Welcome to Badgerys Creek Wildlife Sanctuary

Located 1km above sea level in the remote southern mountain ranges of New South Wales Australia, where we rescue, rehabiltate and care for injured and orphaned native wildlife.

Welcome to Badgerys Creek Wildlife Sanctuary

Located 1km above sea level in the remote southern mountain ranges of New South Wales Australia, where we rescue, rehabiltate and care for injured and orphaned native wildlife.

LATEST NEWS

21 May 2021

Very exciting news. Our Triage Centre has arrived!

It took almost a year to organise and 3 months to build - its now here. A heartfelt thanks to Humane Society International Australia for providing all of the funding. HSI are truly an amazing organisation and without their continued support after the fires, we would not have been able to continue to help our wildlife. And thanks Dee and Jodie, for their fantastic work making this a reality.




LATEST VIDEO

Mikey - An Eastern Grey Kangaroo joey suffering from a fractured Pelvis is now fully recovered
November 2020

Mikey's mum was hit and killed by a truck. He was thrown from his mums pouch onto the road. He was lucky to survive, but sustained a fracture to his Pelvis. After many months of care, he has now recovered and can enjoy time with our mob. Grow big Mikey!



LATEST NEWS

Humane Society International Australia - Facebook Post, 24 December 2020

Humane Society International Visit our sanctuary - December 2020 A few weeks ago, Humane Society International Australia took the time to travel to our sanctuary to see what extra help we might need. Our wildlife sanctuary has been a member of HSI for a number of years, so in preperation for the advancing bushfires, we asked them for funding to buy a few medical supplies to treat the expected injured wildlife we share our forest with. Without hesitation, HSI quickly provided the funds. Although we grossly underestimated the need for meds, it was these meds that allowed us to save many kangaroos and wallabies in the week before the HUHANZ team arrived to help save many many more. It was HSI that then provided more funding to build many hectares of feral proof enclosures, with help from BlazeAid volunteers, so the surviving treated wildlife could recover without fear of predation. HSI provided more funding for shelters so the recovering roos and wallabies would stay warm and dry, as well as funding for food and a new water tank to replace the one damaged in the fires. The help we received from HSI is a testament to their commitment to our wildlife and those trying to save them. Thanks heaps HSI!.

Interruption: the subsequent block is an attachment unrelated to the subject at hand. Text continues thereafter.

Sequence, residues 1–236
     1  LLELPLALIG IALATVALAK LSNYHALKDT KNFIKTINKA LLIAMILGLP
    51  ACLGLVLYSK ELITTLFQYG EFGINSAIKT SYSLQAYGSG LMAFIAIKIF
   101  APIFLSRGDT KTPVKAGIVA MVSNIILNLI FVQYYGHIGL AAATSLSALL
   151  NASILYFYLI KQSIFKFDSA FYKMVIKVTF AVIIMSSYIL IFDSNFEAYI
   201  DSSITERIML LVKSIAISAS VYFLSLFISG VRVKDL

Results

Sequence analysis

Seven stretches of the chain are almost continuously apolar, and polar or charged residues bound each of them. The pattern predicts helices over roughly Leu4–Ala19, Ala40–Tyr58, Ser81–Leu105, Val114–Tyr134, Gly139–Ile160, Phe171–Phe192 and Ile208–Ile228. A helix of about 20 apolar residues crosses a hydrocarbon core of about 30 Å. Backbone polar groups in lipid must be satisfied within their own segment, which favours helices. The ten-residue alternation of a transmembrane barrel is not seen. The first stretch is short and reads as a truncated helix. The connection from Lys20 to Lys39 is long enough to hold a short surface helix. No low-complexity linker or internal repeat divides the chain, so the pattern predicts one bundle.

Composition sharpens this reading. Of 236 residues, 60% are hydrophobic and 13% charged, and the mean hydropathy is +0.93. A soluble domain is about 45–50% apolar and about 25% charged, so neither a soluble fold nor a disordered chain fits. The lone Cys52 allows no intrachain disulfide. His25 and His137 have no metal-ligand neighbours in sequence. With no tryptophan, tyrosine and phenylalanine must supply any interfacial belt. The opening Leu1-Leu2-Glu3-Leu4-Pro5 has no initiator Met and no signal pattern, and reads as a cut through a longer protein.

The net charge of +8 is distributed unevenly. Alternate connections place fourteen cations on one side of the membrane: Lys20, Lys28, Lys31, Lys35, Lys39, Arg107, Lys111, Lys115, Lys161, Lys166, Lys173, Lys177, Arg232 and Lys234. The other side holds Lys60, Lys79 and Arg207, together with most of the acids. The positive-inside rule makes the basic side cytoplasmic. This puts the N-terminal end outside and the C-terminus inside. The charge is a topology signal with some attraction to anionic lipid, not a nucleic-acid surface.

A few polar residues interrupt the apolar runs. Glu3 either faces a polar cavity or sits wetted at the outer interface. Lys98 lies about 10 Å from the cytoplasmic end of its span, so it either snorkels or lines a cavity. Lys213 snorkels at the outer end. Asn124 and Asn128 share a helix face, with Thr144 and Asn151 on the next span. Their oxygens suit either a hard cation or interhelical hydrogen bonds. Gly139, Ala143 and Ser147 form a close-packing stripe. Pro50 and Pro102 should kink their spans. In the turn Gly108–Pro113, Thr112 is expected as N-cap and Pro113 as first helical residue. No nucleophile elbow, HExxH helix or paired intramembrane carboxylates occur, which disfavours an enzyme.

Humane Society International Australia visit our sanctuary

As three major fires converged on Badgerys Creek Wildlife Sanctuary in early February, wildlife carers Peter and Mimi day narrowly escaped with their lives and the few joeys they were able to take with them.

They returned to find their kangaroo enclosures destroyed and the surrounding forests scorched, with many animals they had cared for over the years undoubtedly having perished in the fires.
HSI quickly provided funding for burn medication and food for the remaining animals and worked with Peter and Mimi to build new fences around the property to keep soft-released kangaroos safe from cars and dog attacks. We also provided two shelters to protect joeys from the elements, and a water tank to replace the one destroyed in the fires and ensure wildlife in care had vital access to water.